There were many, many tweets that I could have included in this Storify, but these have helpful information, tweets of librarians bonding at #yalsa16, and pictures of a little Hermione Funko Pop that could have honestly had her own Storify because she seemed to meet every author in attendance. I encourage you to still scroll through the hashtags on Twitter, because I might not have caught something that you were interested in, but I mean this simply as a resource to collect the tweets about 2016 YALSA Symposium, and hope that it’s useful for anyone who did not get to attend.
The other day I posted on Twitter, “It’s like I want 2 use Pinterest 4 everything I do, but it really doesn’t fit everything I do.” A few weeks ago I might have posted something similar about Storify. And, I know that a few years ago I was thinking the same thing about Twitter.
Those are three technologies that I’ve been obsessed with at one point or another. For some that word obsessed might be a bit over-the-top, or even seem like I have a problem. But, the thing is, the obsession is what gets me thinking about how to use these tools effectively with and for teens.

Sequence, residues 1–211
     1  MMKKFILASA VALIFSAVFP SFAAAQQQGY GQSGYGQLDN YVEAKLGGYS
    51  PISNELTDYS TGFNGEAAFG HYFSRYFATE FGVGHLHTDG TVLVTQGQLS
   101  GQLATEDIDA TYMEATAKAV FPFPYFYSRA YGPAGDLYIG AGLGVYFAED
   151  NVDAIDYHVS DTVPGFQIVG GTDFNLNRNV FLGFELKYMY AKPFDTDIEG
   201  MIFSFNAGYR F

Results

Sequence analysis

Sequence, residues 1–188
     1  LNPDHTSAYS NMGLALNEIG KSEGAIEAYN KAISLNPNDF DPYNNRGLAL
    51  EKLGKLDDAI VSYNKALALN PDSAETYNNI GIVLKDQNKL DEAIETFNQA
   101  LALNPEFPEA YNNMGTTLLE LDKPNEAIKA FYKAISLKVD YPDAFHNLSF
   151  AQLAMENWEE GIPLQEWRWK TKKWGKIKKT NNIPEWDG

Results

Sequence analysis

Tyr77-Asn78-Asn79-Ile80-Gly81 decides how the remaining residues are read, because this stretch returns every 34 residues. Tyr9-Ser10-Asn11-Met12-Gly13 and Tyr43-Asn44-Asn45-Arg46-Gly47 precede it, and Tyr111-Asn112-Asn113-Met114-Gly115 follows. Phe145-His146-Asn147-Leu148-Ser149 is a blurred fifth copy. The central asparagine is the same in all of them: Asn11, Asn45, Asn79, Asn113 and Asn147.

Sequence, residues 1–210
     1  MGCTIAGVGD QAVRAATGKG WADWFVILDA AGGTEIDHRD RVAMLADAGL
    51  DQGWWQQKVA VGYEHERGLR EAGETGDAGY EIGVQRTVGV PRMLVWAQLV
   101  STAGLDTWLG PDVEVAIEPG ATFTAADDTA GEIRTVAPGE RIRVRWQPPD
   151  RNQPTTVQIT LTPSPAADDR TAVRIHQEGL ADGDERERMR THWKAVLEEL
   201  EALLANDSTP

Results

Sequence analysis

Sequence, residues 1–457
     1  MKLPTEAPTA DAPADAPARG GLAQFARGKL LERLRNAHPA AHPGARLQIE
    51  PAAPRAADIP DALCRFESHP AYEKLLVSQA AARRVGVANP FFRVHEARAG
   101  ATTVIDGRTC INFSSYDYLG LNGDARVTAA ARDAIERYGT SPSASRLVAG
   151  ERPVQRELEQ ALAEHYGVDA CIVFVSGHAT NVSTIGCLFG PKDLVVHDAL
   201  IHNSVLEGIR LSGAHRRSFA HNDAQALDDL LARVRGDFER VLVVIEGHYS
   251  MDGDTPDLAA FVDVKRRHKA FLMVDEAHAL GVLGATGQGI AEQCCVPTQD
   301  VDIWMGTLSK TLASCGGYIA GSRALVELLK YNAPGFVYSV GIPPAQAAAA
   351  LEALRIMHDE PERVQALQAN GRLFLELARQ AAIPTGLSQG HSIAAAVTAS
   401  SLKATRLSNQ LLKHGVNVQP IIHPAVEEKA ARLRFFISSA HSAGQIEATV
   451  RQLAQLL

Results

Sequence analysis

Take that post I wrote on Twitter. I want to use Pinterest for everything from lists of books, to lists of favorite technologies, to discussions with colleagues and teens about a host of topics. But, for each instance that I think, “I want to use Pinterest for that,” I also think to myself, “Is Pinterest the best tool for what I want to accomplish?” That’s what we need to learn for ourselves and help teens to understand. What’s the best technology tool to get the job done?
A couple of weeks ago YALSABlog readers may have noticed that the weekly Tweets of the Week had a new format. A few days after that revision there was a Blog post that used Storify (The tool also used for the Tweets of the Week) to highlight findings in a new Pew Internet and American Life report on teens and social networking. Some may wonder, “what’s going on here?” Well, what’s going on is that curation has come to the YALSABlog and curation is probably something that you are or will be thinking about for the work you do with teens.
There has been a lot of buzz about curation over the past several months. What people are talking about when they buzz about content curation is the organization of information, usually using web-based tools, on a particular topic. For example, Storify enables users to search a variety of sources, including Twitter, YouTube, Google, and Facebook, to uncover and organize topic content. With Storify it’s possible to integrate text in-between curated resources to provide context and flow to the curated content. For example, the Storify below is all about the Austin Teen Book Festival.